Silicon anodes are receiving a great deal of attention from the battery community. They can deliver around three to five times higher capacity compared with those using current graphite anodes in lithium ion batteries. A higher capacity means longer battery use per charge, which is particularly critical in extending the driving mileage of all-electric vehicles. Although silicon is abundant and cheap, Si anodes have a limited charge-discharge cycle number, which is typically less than 100 times with microparticle sizes. Their volume expands enormously during each charge-discharge cycle, leading to fractures of the electrode particles or delamination of the electrode film equally, even in decaying its capacity.
A KAIST research team led by Professors Jang Wook Choi and Ali Coskun reported a molecular pulley binder for high-capacity silicon anodes of lithium ion batteries in Science on July 20.
The KAIST team integrated molecular pulleys, called polyrotaxanes, into a battery electrode binder, a polymer included in battery electrodes to attach the electrodes onto metallic substrates. In a polyrotaxane, rings are threaded into a polymer backbone and can freely move along the backbone.
The free moving of the rings in polyrotaxanes can follow the volume changes of the silicon particles. The rings' sliding motion can efficiently hold Si particles without disintegration during their continuous volume change. It is remarkable that even pulverized silicon particles can remain coalesced because of the high elasticity of the polyrotaxane binder. The functionality of the new binders is in sharp contrast with existing binders (usually simple linear polymers) with limited elasticity, since existing binders are not capable of holding pulverized particles firmly. Previous binders allowed pulverized particles to scatter, and the silicon electrode thus degrades and loses its capacity.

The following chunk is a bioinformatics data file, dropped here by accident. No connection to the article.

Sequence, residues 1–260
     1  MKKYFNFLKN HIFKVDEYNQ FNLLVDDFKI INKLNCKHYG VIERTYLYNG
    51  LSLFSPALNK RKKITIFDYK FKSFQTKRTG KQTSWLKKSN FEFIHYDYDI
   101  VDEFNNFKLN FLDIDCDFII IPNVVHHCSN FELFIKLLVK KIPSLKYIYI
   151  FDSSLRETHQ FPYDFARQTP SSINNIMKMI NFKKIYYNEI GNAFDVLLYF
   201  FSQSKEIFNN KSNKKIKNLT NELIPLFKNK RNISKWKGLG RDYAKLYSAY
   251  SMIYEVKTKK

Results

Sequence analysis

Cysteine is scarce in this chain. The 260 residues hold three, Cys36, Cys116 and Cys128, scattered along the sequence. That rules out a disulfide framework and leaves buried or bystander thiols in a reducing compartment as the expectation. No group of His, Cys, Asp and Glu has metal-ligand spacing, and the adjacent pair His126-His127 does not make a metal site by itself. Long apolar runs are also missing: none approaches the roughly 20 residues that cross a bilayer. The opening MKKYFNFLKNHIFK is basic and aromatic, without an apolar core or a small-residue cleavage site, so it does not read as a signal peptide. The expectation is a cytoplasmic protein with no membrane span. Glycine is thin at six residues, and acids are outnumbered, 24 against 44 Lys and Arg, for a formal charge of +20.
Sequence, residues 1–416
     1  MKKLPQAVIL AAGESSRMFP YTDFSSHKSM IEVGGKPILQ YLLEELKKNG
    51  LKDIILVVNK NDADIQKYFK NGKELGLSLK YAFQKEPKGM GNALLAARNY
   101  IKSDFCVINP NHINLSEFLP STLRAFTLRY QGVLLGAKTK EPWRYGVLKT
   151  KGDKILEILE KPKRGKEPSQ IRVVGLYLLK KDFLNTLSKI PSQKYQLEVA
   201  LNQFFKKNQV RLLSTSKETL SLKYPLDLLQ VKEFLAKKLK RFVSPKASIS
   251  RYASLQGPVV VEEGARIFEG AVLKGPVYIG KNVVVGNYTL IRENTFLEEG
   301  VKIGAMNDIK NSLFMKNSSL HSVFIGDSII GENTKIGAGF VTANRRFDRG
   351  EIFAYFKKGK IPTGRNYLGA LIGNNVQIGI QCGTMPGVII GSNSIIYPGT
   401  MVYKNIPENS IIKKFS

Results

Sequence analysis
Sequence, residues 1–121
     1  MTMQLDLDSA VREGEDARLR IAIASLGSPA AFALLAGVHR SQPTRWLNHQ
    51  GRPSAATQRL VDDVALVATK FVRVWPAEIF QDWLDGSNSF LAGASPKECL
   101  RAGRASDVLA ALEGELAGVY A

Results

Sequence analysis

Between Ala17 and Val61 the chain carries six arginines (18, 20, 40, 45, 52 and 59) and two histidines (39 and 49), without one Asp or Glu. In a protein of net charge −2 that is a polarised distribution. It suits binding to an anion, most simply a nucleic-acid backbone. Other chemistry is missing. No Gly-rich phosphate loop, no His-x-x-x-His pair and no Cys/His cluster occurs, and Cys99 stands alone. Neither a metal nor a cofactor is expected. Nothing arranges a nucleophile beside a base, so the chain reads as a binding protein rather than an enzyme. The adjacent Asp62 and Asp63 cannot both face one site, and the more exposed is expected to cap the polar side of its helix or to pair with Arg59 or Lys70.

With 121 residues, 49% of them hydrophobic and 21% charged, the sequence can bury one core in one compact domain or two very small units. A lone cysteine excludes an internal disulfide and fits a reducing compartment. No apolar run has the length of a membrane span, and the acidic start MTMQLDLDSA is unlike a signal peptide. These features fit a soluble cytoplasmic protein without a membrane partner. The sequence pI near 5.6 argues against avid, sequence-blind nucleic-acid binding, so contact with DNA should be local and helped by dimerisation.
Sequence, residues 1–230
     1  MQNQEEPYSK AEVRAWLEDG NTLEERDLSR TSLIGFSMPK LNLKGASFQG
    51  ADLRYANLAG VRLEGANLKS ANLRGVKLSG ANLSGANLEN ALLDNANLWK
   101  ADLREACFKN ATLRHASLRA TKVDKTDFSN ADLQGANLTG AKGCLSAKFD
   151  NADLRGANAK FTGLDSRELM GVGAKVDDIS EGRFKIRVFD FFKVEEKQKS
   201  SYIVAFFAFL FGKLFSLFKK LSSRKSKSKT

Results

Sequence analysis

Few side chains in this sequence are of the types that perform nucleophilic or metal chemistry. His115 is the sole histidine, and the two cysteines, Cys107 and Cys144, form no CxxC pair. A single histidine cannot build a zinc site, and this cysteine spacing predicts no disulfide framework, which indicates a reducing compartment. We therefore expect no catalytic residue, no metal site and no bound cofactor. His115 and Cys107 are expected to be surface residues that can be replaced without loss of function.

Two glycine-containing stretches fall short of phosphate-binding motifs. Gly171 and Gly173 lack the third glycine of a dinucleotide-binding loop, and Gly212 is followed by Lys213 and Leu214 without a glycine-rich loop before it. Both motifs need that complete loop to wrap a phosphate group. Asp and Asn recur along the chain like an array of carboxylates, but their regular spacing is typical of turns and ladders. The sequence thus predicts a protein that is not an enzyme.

The authors note, "This is a good example of the importance of fundamental research. Polyrotaxane received the Nobel Prize last year based on the concept of a 'mechanical bond.' This is a newly identified concept, and can be added to classical chemical bonds in chemistry, such as covalent, ionic, coordination and metallic bonds. The long fundamental study is now expanding in an unexpected direction that addresses longstanding challenges in battery technology."
The authors also mention that they are currently working with a major battery maker to get their molecular pulleys integrated into real battery products.
Sir Fraser Stoddart of Northwestern University, the 2016 Noble Laureate in Chemistry, says, "Mechanical bonds have come to the rescue for the first time in an energy storage context. The KAIST team's ingenious use of mechanical bonds in slide-ring polyrotaxanes—based on polyethylene glycol threaded with functionalized alpha-cyclodextrin rings—marks a breakthrough in the performance of marketable lithium-ion batteries. This important technological advance provides yet more evidence that when pulley-like polymers carrying mechanical bonds displace conventional materials based on chemical bonds alone, the unique influence of this physical bond on the properties of materials and the performance of devices can be profound and game-changing."